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World Neurosurg. 2018 May;113:e638-e649. doi: 10.1016/j.wneu.2018.02.112. Epub 2018 Feb 28.

Percutaneous Transforaminal Endoscopic Discectomy for the Treatment of Lumbar Disc Herniation in Obese Patients: Health-Related Quality of Life Assessment in a 2-Year Follow-Up.

Author information

1
Spine Department and Deformities, Interbalkan European Medical Center, Thessaloniki, Greece. Electronic address: stkapetanakis@yahoo.gr.
2
Spine Department and Deformities, Interbalkan European Medical Center, Thessaloniki, Greece.
3
First Orthopedic Department of Aristotle University of Thessaloniki, Papanikolaou Hospital, Exohi, Thessaloniki, Greece.

Abstract

BACKGROUND:

Percutaneous transforaminal endoscopic discectomy (PTED) is a minimally invasive surgical technique used principally for the treatment of lumbar disc herniation (LDH). LDH is a frequent spinal ailment in obese individuals. The aim of this prospectively designed study was to assess for the first time in the literature the impact of PTED in postoperative parameters of health-related quality of life (HRQoL) in obese patients with LDH within a 2-year follow-up period, to further evaluate the effectiveness of PTED.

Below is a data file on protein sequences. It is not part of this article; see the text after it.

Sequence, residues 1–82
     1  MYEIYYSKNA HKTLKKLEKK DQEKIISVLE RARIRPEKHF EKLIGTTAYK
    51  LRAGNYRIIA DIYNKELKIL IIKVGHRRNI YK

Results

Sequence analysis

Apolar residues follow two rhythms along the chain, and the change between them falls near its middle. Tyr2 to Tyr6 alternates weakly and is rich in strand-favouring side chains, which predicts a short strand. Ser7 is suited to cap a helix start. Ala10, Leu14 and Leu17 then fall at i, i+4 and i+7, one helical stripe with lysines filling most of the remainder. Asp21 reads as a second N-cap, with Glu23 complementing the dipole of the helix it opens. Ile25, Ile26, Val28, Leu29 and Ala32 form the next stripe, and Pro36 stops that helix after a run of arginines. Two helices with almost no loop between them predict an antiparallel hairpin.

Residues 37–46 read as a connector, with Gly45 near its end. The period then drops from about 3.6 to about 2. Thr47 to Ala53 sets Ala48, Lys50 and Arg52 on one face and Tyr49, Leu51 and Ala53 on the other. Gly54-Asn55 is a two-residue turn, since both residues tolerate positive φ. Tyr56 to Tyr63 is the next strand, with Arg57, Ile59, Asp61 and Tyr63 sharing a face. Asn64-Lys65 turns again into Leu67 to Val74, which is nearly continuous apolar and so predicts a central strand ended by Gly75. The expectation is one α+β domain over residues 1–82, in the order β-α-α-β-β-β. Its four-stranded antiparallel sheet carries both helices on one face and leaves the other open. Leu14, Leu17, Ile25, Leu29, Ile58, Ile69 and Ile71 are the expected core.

METHODS:

Patients with surgically treatable LDH were divided into 2 groups. Group A constituted 20 obese patients, and group B was composed of 10 patients with normal body mass index (BMI). A visual analog scale was used for pain evaluation, and the Short Form SF-36 Medical Survey Questionnaire contributed to HRQoL assessment. Follow-up was conducted preoperatively and at 6 weeks and 3, 6, 12, and 24 months postoperatively.

RESULTS:

Two of the 20 patients (10%) presented with severe postoperative pain, necessitating conventional microdiscectomy. All studied parameters exhibited maximal improvement at 6 months in group A and at 6 weeks in group B, with subsequent stabilization. Obese patients scored lower in all parameters compared with their healthy counterparts with normal BMI, acquiring a less favorable clinical benefit.

CONCLUSIONS:

PTED appears to be a generally safe and effective method for treating obese patients with LDH. However, major technical challenges that lead to a higher frequency of complications, as well as the lesser acquired clinical benefit, in obese patients may contribute to the further consideration for PTED in specific obese patients, especially on the grounds of low surgical experience.

KEYWORDS:

Minimally invasive spine surgery; Obesity; Original article; PTED; Quality of life; SF-36 questionnaire

PMID:
29499422
DOI:
10.1016/j.wneu.2018.02.112
[Indexed for MEDLINE]

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